The Great 2013 Social Media Buzz Kill, & How Early Adopters Dominate
Sure! Your team creates and organically distributes amazing content that is intuitive, engaging by nature, and serves well-cultivated audiences. That’s a given. Your community manager distributes the content and organic audiences love it and share. Great! However, no matter how successful your content strategy is, without paid organic amplification, you’re most likely leaving substantial money on the table. Social content distribution used to be mostly free. Now, in the unavoidable effort to monetize, social media platforms charge for the same distribution. That’s the bad news. The fantastic news is that the “Ads” look very similar and are often barely distinguishable from the same organic page units that used to be free.
Have a look at the phenomena. Study the graphic below, clockwise from 11 o’clock [Twitter, LinkedIn, Facebook mobile, and Facebook desktop/tablet], note just how much of the page is outlined in red. It’s mind bending, really. These organic feeling page units are paid. BUZZ KILL!
Learning how to work these paid organic page units, in tandem with the content marketing editorial calendar, is the new social distribution paradigm. The results of well-run, well-targeted programs are often staggering and usually result in some combination of:
- Targeted & scalable social psychographic traffic to content that converts
- Real links from sites with good domain authority
- Authentic social signals from real users of actual authority
- Insulation of our sites from harsh search engine algorithm updates
- Amplification of PR distribution to journalists, bloggers, and a myriad of focused media-role users
Early Adopters Are Cleaning Up
Each of the social channels has idiosyncrasies and differences in what KPIs can be accomplished. Let’s discuss Facebook because they have the most data and the paid organic systems are most evolved.
The next screen capture is of a very functional, organic only, Facebook company page social distribution program – right before aimClear took over editorial calendar amplification. The page posts are a combination of FB only content (like images) and company owned blog content posted on the wall.
The results are actually fairly good for today’s organic only Facebook marketer. With around 5,000 FB followers and 5-6 wall posts a week, results showed a reach (impressions) of between 400 and 2,000 users a day. That’s not bad at all.
Also, only a small number of users are driven out of Facebook and to the company owned blog posts, which were shared on the company page. Pay careful attention to the red box. It represents a time period that we’ll compare in the next screen captures. The blue trend line is organic reach. The purple line is the viral response, a major component of FB’s talking about this metric. The green line, flat at the bottom, shows that there is no paid organic distribution.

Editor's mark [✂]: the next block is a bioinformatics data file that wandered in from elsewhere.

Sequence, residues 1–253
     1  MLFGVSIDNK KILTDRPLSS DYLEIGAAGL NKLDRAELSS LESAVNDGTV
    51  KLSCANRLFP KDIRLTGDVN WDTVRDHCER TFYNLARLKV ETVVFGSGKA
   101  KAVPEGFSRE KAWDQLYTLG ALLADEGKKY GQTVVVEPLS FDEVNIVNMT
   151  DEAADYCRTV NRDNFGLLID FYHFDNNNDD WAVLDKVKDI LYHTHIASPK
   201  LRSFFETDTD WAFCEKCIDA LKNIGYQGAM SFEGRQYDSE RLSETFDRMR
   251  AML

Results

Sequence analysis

In the next screen capture, look at what happens when paid organic distribution is deployed. Psychographic reach skyrockets.
Reach is nice but you might ask, “Who cares?” Reach can be purchased. What’s more telling is that engagement catapulted an even greater percentage than the reach. In other words, the goodness scales along with paid organic distribution. This particular example is the result of about $300 of paid organic amplification of two wall posts. Wow!
The lift in all associated metrics is stunning, actually. How can any marketer afford NOT to amplify content?
Here’s an example of results for a single blog post, posted on a company wall, and amplified to key psychographic segments. Results are always some combination of:
- Traffic that engages in-channel and dead ends. In other words, the users do not come to the company owned content off-social.
- The amplification drives users external, to company owned content pages.
- A hybrid of both results.
Check out the screen capture below. A “Link Click” in Facebook means that the users left Facebook and visited the company owned asset. Keeping in mind that the amplification is highly targeted, the price per link click is really inexpensive. There is also great in-FB engagement. To my mind, the Link Clicks are very reasonably priced. The FB engagement is free.
Paid organic amplification is obviously the next wave of social distribution. Since the social signals and links are mostly from real users, it’s not likely that search engines will even negate the benefits. The traffic and engagement are also real. Users visit external company owned pages and perform.
Yes, 2013 signaled the final end of totally free social distribution. But, for early adopters, there are fantastic opportunities to distribute content via paid organic units to great benefit. Master each social platform’s suite of organic feeling ad units and understand the continuum of in-channel and external traffic driving characteristics. If you don’t, your competitor may first. Without understanding the new social reality, you may be blogging to nobody in relation to available audiences.